Statistical mechanics of learning multiple orthogonal signals: Asymptotic theory and fluctuation effects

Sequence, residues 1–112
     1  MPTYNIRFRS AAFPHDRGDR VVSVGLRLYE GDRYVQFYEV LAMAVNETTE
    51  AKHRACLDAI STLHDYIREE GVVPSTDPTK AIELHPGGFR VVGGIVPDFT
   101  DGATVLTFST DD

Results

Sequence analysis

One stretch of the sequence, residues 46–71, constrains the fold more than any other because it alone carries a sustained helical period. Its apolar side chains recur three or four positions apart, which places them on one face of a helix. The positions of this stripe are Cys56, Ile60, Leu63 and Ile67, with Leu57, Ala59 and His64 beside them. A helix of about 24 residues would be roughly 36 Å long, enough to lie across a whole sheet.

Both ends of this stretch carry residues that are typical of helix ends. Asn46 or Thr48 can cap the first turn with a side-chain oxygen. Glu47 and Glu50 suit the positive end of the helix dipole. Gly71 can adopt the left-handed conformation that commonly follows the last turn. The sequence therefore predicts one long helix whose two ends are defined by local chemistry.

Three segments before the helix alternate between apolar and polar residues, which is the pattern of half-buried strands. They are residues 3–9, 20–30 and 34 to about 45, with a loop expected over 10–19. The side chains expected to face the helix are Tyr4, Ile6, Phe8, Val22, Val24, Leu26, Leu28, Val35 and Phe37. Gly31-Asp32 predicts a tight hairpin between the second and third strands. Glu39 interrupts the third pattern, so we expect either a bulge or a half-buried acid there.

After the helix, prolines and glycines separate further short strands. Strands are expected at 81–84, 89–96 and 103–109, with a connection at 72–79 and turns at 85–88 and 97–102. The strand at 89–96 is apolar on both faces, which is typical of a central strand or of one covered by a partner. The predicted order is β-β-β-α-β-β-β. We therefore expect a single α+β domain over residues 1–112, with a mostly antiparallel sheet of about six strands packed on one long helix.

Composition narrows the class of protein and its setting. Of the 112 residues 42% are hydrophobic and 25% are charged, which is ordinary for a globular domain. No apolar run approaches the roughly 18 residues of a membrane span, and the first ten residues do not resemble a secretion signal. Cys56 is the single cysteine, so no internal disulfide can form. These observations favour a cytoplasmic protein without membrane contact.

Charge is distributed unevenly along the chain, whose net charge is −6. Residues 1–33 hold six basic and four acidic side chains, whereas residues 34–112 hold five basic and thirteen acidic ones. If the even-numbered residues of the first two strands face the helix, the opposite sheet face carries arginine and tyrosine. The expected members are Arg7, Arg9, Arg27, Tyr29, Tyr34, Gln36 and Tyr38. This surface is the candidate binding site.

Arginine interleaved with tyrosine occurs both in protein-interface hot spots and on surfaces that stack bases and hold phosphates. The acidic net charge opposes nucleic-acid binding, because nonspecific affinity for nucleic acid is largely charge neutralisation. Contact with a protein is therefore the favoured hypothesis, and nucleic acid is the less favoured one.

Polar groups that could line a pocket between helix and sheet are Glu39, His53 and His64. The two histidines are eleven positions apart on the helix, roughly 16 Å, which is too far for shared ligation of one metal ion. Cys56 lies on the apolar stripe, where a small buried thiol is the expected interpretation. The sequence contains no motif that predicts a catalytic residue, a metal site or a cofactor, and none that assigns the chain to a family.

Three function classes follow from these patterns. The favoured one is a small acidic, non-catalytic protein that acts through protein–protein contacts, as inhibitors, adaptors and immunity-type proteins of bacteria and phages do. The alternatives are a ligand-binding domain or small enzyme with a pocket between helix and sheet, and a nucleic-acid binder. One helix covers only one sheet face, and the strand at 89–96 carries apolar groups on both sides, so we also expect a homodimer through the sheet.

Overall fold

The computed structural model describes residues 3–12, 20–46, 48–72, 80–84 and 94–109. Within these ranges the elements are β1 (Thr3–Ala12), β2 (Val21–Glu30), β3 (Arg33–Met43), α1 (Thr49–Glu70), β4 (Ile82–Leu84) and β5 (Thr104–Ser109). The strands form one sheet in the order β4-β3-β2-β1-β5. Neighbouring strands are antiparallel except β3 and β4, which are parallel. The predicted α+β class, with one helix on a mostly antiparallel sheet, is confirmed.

The learning of signal directions in high-dimensional data through orthogonal decomposition or principal component analysis (PCA) has many important applications in physics and engineering disciplines, e.g., wireless communication, information theory, and econophysics. The accuracy of the orthogonal decomposition can be studied using mean-field theory. Previous analysis of data produced from a model with a single signal direction has predicted a retarded learning phase transition below which learning is not possible, i.e., if the signal is too weak or the data set is too small then it is impossible to learn anything about the signal direction or magnitude. In this contribution we show that the result can be generalized to the case where there are multiple signal directions. Each nondegenerate signal is associated with a retarded learning transition. However, fluctuations around the mean-field solution lead to large finite size effects unless the signal strengths are very well separated. We evaluate the one-loop contribution to the mean-field theory, which shows that signal directions are indistinguishable from one another if their corresponding population eigenvalues are separated by O(N^−tau) with exponent tau>(1/3), where N is the data dimension. Numerical simulations are consistent with the analysis and show that finite size effects can persist even for very large data sets.